“Violation of these measures will lead to fines that will be given out soon in a Statutory Instrument signed by the Permanent Secretary (PS) Treasury,” he said. ‘Those who do not care about the health of Ugandans will pay financially.”
But is the notice circulating on social media genuine? We checked.
Fines not implemented – yet
On 11 June, the police posted the notice with a red “FAKE NEWS” label across it on Twitter.
“Please ignore this fake news. Police has no instrument in place yet, to implement this. Until then, don’t be caught on the wrong side of the law. Observe [standard operating procedures], adhere to curfew guidelines, keep safe,” read the tweet.
The treasury has developed new guidelines and it has been reported that these were submitted to the health ministry. But the notice circulating on Facebook is not from the Ugandan police and is untrue.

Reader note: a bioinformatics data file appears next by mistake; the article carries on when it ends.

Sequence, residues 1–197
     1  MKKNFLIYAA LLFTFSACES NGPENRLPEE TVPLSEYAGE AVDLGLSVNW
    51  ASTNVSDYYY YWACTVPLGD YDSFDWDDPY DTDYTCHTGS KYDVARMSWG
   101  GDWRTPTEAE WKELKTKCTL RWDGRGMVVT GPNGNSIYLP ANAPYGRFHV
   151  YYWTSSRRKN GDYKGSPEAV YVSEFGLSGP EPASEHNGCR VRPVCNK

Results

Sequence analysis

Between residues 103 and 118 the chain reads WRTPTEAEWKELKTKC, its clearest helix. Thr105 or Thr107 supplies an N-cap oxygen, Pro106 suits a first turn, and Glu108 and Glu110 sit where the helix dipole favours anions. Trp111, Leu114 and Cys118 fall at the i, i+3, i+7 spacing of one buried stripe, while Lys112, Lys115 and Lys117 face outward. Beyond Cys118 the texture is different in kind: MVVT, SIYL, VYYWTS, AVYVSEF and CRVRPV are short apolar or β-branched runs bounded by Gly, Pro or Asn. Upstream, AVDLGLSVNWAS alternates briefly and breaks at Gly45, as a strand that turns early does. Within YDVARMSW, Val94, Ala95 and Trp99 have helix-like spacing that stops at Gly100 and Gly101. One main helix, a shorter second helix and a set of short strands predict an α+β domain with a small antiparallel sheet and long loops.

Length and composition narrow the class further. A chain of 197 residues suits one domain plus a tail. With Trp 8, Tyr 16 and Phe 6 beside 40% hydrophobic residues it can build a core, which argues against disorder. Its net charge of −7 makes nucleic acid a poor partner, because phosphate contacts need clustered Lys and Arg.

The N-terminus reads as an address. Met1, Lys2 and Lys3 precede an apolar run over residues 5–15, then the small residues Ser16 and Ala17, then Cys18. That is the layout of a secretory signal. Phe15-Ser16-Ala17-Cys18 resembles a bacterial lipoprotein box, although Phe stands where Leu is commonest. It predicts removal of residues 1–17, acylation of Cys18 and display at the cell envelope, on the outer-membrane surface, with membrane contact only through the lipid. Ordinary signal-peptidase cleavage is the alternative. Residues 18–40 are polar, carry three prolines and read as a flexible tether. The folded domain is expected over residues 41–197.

For publishers: what to do if your post is rated false
A fact-checker has rated your Facebook or Instagram post as “false”. What should you do? First, don't delete!
Click on our guide for the steps you should follow.
Africa Check teams up with Facebook
Africa Check is a partner in Facebook’s third-party fact-checking programme to help stop the spread of false information on social media.
The content we rate as “false” will be downgraded on Facebook and Instagram. This means fewer people will see it.
You can also help identify false information on Facebook. This guide explains how.